SAFETY INTEGRITY LEVEL
Safety Integrity Level (SIL) is a measure of safety system performance – not a measure of process risk. The higher the level of risk, the greater the system performance required. Based on a hazard and risk analysis, each individual Safety Instrumented Function (SIF) is assigned a required performance level, or SIL. Safety Instrumented Systems may have different SILs for each of its individual SIFs.
HOW TO CALCULATE INTEGRITY LEVEL
Industrial plants require a multidiscipline team to evaluate and assign SIL performance levels for SIFs, not a specific person. Common departments assigned to the team are process, mechanical design, safety, operations and control systems. Quantitative or qualitative analysis is used to calculate the SIL of each SIF:
1. ALARP, Risk Matrix and Risk Graphs
ALARP (As Low As Reasonably Practicable), Risk Matrixes and Risk Graphs are qualitative methods of determining SIL. Qualitative data is faster and easier, but is also subjective and many engineers are not comfortable using this data to assign performance levels. Systems analyzed using qualitative data are often built too conservatively, adding unnecessary costs.
2.LOPA (Layer of Protection Analysis)
LOPA is a quantitative method that identifies and analyzes the effects of independent layers of protection (IPL) – devices, systems or actions capable of preventing a hazardous event. LOPA are extremely detailed and require members of an organization to agree on risk tolerance levels. Quantitative analysis typically delivers lower levels of required performance, reducing safety system costs.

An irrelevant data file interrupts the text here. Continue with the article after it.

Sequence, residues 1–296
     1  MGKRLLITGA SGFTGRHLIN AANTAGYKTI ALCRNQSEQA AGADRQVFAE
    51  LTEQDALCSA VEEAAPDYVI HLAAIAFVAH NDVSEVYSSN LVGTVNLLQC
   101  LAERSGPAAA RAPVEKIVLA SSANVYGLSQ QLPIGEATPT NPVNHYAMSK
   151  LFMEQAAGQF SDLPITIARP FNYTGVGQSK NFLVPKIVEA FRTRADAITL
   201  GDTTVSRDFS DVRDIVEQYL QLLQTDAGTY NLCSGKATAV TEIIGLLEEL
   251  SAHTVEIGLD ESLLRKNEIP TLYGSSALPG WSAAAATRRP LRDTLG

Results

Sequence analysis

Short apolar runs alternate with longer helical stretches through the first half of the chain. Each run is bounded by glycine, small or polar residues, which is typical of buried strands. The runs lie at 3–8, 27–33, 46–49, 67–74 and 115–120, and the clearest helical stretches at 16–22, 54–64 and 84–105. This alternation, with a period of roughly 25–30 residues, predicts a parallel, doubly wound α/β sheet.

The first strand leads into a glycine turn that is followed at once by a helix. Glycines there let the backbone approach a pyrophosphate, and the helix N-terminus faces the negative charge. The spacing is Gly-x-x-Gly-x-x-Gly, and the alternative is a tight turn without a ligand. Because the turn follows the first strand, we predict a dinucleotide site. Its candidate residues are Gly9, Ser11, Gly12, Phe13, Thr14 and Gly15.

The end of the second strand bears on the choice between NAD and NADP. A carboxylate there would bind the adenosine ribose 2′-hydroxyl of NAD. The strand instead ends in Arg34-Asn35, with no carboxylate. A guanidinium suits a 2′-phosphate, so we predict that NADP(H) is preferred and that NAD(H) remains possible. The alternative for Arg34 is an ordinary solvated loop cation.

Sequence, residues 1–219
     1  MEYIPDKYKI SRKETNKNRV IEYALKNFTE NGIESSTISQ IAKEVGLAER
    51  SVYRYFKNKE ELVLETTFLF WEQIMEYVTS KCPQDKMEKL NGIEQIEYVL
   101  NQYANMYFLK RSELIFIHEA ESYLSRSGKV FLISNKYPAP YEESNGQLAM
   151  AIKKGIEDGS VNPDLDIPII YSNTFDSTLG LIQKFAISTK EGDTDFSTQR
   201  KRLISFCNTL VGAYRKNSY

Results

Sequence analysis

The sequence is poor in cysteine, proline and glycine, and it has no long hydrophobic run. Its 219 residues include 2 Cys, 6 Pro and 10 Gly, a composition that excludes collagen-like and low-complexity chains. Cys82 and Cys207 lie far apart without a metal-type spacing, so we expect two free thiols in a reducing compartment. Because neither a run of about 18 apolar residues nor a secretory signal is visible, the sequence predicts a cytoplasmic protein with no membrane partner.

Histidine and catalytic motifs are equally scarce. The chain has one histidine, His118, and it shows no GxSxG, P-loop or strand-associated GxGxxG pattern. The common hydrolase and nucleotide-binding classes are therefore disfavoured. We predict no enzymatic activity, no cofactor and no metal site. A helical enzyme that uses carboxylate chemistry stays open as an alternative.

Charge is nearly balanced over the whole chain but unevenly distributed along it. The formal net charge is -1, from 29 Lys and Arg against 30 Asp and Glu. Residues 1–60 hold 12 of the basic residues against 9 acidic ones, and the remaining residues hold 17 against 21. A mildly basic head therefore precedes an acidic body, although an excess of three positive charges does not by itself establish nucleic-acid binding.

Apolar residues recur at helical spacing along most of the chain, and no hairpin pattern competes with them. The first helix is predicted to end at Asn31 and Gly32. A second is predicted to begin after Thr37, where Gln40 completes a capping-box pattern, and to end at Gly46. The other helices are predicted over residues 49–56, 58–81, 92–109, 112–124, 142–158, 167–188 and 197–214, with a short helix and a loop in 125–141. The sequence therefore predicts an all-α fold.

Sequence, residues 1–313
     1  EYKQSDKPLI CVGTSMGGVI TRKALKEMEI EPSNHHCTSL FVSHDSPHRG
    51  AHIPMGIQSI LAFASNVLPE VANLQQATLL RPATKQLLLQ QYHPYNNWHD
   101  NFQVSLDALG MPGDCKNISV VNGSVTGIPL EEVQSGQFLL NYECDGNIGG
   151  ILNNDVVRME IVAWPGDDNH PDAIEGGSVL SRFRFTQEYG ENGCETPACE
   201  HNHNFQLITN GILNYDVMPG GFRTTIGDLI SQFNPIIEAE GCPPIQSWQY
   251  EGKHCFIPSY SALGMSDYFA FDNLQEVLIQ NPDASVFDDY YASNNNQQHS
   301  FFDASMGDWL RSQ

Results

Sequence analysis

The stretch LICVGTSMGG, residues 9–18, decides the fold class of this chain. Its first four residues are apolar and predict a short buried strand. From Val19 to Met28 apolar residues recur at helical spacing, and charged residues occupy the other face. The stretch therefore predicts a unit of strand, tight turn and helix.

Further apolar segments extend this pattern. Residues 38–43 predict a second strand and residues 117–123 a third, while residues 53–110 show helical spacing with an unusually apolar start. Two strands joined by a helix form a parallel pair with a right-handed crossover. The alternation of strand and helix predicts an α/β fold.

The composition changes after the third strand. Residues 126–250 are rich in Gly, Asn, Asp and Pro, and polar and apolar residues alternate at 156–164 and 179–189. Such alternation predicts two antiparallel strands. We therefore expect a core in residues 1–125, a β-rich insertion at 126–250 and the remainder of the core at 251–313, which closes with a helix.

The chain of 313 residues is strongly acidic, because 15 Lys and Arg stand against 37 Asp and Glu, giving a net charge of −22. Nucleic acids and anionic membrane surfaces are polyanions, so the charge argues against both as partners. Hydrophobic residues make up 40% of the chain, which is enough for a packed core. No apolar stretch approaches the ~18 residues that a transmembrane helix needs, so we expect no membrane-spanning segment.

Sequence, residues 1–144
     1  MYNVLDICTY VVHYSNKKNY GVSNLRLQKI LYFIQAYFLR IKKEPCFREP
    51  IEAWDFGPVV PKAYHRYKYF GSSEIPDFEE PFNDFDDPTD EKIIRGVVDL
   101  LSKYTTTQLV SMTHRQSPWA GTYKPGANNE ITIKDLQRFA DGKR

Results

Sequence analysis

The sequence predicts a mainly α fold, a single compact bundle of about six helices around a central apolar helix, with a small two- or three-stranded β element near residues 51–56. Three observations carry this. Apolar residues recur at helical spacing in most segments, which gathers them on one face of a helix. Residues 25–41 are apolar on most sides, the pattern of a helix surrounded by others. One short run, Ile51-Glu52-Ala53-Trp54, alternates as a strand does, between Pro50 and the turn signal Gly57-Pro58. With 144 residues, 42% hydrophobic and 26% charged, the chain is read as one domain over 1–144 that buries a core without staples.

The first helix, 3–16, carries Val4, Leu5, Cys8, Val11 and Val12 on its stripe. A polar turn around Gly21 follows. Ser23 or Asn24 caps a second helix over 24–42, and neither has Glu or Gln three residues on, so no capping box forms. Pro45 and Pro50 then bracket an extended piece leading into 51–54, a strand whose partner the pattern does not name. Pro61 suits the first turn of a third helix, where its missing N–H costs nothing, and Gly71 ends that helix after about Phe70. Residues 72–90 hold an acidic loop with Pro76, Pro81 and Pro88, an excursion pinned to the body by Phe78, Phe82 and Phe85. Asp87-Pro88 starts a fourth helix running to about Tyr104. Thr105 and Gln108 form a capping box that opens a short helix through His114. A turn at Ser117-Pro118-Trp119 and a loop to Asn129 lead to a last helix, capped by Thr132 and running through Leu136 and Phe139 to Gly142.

Once SILs are assigned using quantitative or qualitative analysis and independent protection layers considered, a Safety Requirement Specifications (SRS) is written to describe the functional and integrity requirements of the system. Functional requirements describe the system inputs, outputs and logic. Integrity requirements describe the performance needed for each function. Incomplete or incorrect specifications cause 44% of accidents in safety applications, stressing the importance of fully understanding the functional and integrity requirements of the system.
Device failure rates – dangerous detected (DD), dangerous undetected (DU), safe detected (SD) and safe undetected (SU) – are required to calculate SIL. Failures In Time (FITs) is the data owner/operators require to calculate of Probability of Failure on Demand (PFD), Safe Failure Fraction (SFF), Risk Reduction Factor (RRF), Safety Availability (SA) and Mean Time to Failure (MTTF). This FIT data makes calculating target SIL levels rather easy for simplex systems.